‘God Calms Storm For Philippines Ferry’

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By Stefan J. Bos, Chief International Correspondent

SAMBOAN (Worthy News) – An inter-island ferry carrying about 500 passengers faced a severe storm in the Philippines but arrived safely after prayers calmed strong winds, a passenger told Worthy .

The Lite Ferry 1 vessel was on its way Sunday from Dapitan City in Zamboanga del Norte province to Samboan municipality in Cebu province when Merry-Joy Osman, 33, abruptly awoke.

“The door banged open of our sleeping area, where economic fare passengers stay. Babies started to cry as water came in,” recalled Osman. “The captain urged us to remain calm and not to move.”

Osman, a devoted who provided Worthy News with eyewitness accounts of the recent super Typhoon Rai, said she prayed and trusted God. “I knew I should not be afraid because He can calm the storm.” Osman referred to the ’s New Testament, which reports how Jesus on a boat with his disciples woke up, rebuked a storm, and told the sea, “Peace! Be still!”

She stressed the roaring sea calmed down after her prayers too. “Miraculously, nobody was injured. There was only a little bit of damage.”

It was not clear how severe the damage was for Lite Ferry 1, a 48 meter (158 feet) long and 11 meters (36 feet) breadth vessel built in the year 1969 carrying passengers as well as cars and (motor) cycles.

After a seven-hour journey, the passengers disembarked in Samboan, where residents still struggle with the aftermath of the super Typhoon, which last month killed hundreds of people.

RELIEF GOODS

“Many people in Cebu are still without electricity,” added Osman, an aid worker supporting small entrepreneurs and other residents.

After visiting family, the mother-of-one returned to Cebu, where she and other aid workers face challenges. The storm damaged her boarding home, but she suggested that others needed more help. “We are now packing relief goods.”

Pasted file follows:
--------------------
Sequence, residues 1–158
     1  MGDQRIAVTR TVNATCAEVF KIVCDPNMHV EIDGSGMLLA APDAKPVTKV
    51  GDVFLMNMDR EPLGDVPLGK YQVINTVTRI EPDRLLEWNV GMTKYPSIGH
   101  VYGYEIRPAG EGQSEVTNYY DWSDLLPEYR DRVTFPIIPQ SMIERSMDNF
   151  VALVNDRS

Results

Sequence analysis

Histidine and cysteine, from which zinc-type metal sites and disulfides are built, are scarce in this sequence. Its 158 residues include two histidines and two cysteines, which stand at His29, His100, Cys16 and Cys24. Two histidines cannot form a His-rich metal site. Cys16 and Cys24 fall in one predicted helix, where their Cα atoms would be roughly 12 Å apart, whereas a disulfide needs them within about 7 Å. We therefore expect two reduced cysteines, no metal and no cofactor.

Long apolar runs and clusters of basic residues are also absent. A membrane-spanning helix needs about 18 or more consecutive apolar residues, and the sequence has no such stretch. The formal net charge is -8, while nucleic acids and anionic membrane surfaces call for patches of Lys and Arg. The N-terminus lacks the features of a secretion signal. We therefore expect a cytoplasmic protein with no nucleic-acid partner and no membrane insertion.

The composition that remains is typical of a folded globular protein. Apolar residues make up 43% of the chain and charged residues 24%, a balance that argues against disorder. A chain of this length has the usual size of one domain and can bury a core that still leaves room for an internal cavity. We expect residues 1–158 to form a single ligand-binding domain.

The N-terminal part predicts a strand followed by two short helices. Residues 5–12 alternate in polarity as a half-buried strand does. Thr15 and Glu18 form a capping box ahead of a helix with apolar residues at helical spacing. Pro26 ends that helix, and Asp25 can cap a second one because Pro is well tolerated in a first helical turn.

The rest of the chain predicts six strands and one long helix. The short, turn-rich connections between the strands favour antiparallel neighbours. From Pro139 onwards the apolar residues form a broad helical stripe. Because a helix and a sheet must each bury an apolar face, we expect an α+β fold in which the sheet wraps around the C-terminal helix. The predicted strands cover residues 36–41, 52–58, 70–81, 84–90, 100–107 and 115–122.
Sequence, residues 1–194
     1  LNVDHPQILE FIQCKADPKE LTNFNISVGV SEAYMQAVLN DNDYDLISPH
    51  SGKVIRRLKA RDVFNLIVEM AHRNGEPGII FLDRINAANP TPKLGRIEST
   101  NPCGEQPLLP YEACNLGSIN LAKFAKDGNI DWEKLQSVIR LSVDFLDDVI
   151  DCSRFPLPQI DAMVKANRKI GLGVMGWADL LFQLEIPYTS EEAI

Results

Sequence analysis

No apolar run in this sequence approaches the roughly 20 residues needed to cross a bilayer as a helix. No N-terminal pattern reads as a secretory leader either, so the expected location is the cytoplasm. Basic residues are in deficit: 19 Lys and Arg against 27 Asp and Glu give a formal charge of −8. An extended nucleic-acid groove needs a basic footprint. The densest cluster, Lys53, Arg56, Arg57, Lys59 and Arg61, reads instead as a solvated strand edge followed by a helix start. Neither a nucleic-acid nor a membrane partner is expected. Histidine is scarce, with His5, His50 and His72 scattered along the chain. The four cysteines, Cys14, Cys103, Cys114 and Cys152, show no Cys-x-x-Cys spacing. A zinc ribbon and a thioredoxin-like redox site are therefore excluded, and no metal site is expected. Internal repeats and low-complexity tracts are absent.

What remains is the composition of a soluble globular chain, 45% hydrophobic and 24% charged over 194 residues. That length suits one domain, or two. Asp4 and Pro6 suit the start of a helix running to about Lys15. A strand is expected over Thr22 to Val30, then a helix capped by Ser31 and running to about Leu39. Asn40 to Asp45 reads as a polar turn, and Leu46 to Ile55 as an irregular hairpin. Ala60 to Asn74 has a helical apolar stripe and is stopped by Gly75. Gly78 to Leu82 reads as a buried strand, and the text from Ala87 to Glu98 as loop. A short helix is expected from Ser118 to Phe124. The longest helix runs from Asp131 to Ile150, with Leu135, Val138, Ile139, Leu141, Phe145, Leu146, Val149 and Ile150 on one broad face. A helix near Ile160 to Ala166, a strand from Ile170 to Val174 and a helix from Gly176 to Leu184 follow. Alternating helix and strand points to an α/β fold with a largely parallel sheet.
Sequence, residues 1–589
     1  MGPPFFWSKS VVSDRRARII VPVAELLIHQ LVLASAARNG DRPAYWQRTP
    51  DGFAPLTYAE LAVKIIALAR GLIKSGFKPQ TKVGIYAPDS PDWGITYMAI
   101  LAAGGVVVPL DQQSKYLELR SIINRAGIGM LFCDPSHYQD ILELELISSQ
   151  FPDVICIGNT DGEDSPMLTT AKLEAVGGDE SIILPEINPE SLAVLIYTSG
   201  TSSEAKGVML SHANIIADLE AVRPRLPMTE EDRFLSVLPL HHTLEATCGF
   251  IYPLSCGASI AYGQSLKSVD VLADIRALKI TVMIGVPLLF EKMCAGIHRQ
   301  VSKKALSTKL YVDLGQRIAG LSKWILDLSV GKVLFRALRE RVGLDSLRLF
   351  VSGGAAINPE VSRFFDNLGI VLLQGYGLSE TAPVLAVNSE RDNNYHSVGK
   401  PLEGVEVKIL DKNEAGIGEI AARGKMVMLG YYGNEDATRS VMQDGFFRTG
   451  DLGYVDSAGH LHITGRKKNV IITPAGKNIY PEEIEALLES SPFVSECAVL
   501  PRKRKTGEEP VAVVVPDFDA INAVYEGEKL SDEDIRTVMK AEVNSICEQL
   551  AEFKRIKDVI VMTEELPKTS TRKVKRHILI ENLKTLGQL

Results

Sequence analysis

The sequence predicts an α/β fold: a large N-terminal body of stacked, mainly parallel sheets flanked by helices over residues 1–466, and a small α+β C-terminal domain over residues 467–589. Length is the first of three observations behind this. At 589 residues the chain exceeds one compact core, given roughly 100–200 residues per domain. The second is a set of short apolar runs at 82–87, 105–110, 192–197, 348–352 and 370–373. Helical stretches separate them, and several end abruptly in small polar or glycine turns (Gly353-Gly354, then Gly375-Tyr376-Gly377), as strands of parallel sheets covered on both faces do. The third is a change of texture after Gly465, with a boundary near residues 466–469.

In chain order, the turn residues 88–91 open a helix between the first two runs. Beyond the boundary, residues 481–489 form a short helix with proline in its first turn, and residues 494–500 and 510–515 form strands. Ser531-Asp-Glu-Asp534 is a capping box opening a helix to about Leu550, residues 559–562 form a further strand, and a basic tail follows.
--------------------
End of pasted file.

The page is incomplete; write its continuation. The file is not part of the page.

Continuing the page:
Authorities in several hard-hit provinces have appealed for more supplies of food, water, and shelter materials about two weeks after the storm struck.

The death toll from Typhoon Rai in the Philippines crossed the 400 mark, making it the deadliest storm to hit the Southeast Asian nation in 2021.

Reported deaths had reached 405, primarily due to drowning, fallen trees, and landslides, said Ricardo Jalad, chief of the national disaster agency.

Scores of people remain missing, and nearly 1,150 people were injured, Ricardo explained.

STRONG STORM

More than 530,000 houses were damaged, a third of which were wrecked, while damage to and agriculture was estimated at 23.4 billion pesos ($459 million), Jalad said.

The typhoon affected nearly 4.5 million people, including about 500,000 sheltering in evacuation centers, according to government data.

Typhoon Rai, known locally as Typhoon Odette,
made landfall on December 16 with winds of up to 260 kilometers per hour (160 miles per hour) and gusts over 300 kilometers per hour (185 miles per hour).

The storm devastated huge areas in the provinces of Bohol, Cebu, and Surigao del Norte, including the holiday island of Siargao and the Dinagat Islands.

“But, we always remain hopeful, and I trust God that He will turn every situation in something better,” said Osman about the future of this mainly Catholic nation of 111 million people.

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